FOXBORO — I can see the conversation breaking down in St. Louis yesterday afternoon in the office of head coach Jeff Fisher.
Fisher: “Steven, I know you were excited to check out the scene in London, but the bottom line is we’re not taking you.”
Steven Jackson: “Not taking me? Coach Fish, I’m your star! I’m your Hall of Fame running back!”
Fisher: “Sure, Steve. I know. You da man. But we’ve got the Patriots this week, and to be honest, against that secondary, I just don’t see us ever having the need to run the football. Enjoy the week off big guy. Instead of fish and chips in London, try one of our many BBQ rib joints in town here.”
Of course, this didn’t happen and it won’t happen, but, if it did happen, the Rams chances of winning wouldn’t change with or without the 29-year-old three-time Pro Bowl player.
The “thrill” of Sunday’s victory against the hated New York Jets continues to sink in here for the Pats and their fans.
But as we all do what the players do — and watch the film — I can’t help but wonder what the heck Rex Ryan and his offensive coordinator Tony Sparano were doing on Sunday running the football 33 times out of a possible 78 offensive plays.
Including the four sacks allowed, the Jets dropped back to pass 45 times and rolled up a net 297 yards (Sanchez threw for 328, but lost 31 in sacks).
This 6.6 yards per pass average came despite Stephen Hill’s ugly late drop, despite Sanchez’s tunnel vision and his tortoise-speed read of the Pats’ defense on his grotesquely underthrown interception. They gained 3.2 yards a rush and 6.6 yards per forward pass.
That’s with Mark Sanchez, folks. Am I the only one seeing the logic of the forward pass here over catapulting Shonn Greene into the waiting arms of Vince Wilfork and Kyle Love?
How stubborn/stupid must a coach be? I have to figure Fisher can read (numbers) better than Sanchez can read defenses. He’s a very good coach. And if you read my story a few weeks ago, you’d understand there aren’t many of them around these days.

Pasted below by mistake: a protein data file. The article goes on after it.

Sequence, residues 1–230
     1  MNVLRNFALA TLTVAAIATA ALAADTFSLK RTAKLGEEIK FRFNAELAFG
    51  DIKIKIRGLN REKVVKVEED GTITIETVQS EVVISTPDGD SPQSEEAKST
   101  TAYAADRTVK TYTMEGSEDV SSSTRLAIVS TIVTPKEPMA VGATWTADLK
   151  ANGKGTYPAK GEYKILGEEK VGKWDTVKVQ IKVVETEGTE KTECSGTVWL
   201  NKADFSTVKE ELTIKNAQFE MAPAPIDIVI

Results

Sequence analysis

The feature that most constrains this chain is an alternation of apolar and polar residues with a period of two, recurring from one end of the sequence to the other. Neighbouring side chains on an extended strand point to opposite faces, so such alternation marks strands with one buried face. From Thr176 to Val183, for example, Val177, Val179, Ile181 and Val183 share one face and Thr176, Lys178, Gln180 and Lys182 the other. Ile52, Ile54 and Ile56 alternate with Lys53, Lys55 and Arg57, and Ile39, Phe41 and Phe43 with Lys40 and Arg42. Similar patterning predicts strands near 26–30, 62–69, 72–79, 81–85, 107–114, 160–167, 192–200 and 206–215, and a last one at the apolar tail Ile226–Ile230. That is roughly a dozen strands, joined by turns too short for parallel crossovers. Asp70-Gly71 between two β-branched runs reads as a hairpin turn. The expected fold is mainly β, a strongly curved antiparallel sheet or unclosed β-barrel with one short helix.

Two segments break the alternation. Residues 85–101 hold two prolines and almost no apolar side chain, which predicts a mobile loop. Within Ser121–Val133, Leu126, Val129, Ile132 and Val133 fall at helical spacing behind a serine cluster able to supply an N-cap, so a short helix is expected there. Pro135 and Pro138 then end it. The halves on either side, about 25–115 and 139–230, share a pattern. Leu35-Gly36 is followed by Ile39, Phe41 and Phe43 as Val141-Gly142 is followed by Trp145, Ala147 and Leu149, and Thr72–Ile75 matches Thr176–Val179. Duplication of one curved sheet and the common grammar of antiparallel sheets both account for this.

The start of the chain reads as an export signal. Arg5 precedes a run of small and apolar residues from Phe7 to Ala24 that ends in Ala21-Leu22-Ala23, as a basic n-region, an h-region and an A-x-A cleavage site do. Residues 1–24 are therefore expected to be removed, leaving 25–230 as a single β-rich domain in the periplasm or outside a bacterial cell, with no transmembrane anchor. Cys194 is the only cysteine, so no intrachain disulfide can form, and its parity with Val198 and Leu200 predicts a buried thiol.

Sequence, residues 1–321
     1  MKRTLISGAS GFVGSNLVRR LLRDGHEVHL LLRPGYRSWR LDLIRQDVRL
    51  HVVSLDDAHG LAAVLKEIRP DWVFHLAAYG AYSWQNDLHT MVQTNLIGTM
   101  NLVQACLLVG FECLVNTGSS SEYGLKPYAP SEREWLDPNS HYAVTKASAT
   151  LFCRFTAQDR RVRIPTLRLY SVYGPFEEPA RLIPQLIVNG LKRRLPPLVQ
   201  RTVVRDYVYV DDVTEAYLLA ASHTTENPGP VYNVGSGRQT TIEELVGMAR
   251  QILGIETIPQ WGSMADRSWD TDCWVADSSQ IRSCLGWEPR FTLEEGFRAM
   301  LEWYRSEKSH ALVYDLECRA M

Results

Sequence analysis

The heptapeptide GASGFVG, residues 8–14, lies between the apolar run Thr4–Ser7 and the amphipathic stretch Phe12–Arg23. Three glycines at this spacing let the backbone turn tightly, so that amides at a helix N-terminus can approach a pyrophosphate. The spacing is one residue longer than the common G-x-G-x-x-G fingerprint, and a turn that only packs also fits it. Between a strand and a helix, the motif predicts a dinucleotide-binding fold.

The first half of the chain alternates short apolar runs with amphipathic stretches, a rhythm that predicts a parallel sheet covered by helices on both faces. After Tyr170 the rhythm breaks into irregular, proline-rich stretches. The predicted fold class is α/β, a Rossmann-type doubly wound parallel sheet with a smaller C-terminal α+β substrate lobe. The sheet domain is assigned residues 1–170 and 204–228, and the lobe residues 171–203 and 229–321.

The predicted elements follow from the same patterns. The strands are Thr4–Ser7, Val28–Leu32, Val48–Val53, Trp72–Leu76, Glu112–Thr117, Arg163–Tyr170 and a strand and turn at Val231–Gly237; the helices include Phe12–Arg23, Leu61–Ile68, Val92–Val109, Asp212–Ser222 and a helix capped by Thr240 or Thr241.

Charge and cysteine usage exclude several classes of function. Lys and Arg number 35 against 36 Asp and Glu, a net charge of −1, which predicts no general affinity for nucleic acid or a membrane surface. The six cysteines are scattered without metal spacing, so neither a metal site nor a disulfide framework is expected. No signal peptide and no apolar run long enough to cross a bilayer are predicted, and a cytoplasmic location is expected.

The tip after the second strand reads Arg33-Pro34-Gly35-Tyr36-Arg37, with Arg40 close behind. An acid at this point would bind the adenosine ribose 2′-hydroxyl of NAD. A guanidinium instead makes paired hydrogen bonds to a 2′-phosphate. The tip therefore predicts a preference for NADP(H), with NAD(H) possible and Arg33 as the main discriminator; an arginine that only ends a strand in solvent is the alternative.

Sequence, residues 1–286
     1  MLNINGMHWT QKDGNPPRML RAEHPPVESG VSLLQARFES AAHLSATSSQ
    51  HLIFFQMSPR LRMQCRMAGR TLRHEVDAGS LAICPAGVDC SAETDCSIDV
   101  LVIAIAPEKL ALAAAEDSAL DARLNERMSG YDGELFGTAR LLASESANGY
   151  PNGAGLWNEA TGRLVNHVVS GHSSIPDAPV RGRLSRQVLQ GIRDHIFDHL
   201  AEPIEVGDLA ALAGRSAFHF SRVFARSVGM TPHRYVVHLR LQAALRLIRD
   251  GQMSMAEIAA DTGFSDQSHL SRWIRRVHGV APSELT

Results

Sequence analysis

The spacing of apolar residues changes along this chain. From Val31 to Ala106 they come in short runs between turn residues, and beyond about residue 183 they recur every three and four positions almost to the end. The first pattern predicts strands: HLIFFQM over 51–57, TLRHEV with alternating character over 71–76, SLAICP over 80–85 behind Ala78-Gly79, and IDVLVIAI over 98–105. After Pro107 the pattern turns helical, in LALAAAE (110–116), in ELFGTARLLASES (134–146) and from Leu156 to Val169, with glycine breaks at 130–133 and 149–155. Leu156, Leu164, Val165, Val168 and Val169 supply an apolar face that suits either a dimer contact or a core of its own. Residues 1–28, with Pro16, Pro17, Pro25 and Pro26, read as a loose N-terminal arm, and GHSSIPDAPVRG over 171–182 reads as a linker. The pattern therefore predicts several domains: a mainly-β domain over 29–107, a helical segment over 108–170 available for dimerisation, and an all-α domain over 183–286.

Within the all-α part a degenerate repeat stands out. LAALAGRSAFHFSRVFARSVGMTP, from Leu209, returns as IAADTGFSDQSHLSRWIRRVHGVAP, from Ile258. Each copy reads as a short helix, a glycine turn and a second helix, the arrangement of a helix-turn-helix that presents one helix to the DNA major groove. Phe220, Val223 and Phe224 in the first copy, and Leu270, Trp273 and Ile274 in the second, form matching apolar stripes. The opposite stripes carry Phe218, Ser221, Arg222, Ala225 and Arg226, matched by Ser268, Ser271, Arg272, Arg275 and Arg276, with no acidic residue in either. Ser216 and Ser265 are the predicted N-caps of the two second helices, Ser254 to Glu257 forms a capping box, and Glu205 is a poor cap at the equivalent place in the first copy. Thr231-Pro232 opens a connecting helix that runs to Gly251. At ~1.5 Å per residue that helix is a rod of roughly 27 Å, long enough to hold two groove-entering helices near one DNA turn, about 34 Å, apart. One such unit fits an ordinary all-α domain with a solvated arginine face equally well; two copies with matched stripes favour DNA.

The Rams feature Sam Bradford with legitimate pro receivers in Danny Amendola, Brandon Gibson and Steve Smith. Bradford’s last 300-yard passing game came two weeks, not 13 months ago like Sanchez’s had been until Sunday.
Buckle up again folks. Sunday afternoon at Wembley might be another wild ride for the 2012 Pats.
If you’re wondering ...
I thought there might still be one or two Patriots diehards out there still believing the team’s “don’t worry, the secondary is better than you think,” campaign. Judging by sports radio and comments on the Web, it appears those folks are now in hiding.
But I did want to make sure Sunday that my assessment of the game, seeing Jets running free all over the defensive backfield only to be missed by Mark Sanchez, held its veracity. So I went to the visitors themselves. I asked Jets receiver Stephen Hill if the Pats stopped them at all.
“Oh no, no, it was nothing like that at all,” said Hill, one of the Jets’ goats with a huge late red-zone drop. “We just messed up on certain opportunities. That was it.”
Were there plays out there that should have been made?
So then, I moved to the guy I saw running free down the middle all afternoon, Dustin Keller, who caught all seven passes thrown at him for 93 yards and a TD.
“There were areas we could have picked it up,” said Keller. “We had some plays out there to be made, we made some, and we left a lot more out their on the field.”
Forgetting Mayo ...
In retrospect, my Monday Two-Minute Drill contained an egregious omission in the “Big Shows.”
Linebacker Jerod Mayo continued his stupendous season at the outside linebacker spot. Mayo led all Patriots with 10 tackles and a forced fumble. He was true in his tackling, and played stout on the run. He flowed and scraped to the football downhill, attacking more than back-pedaling.
It was a monster effort — his best whole game in what has been Mayo’s top year as a pro. My apologies for the miscue.
Follow Eagle-Tribune Sports Reporter Hector Longo on Twitter under the screen name @MVcreature.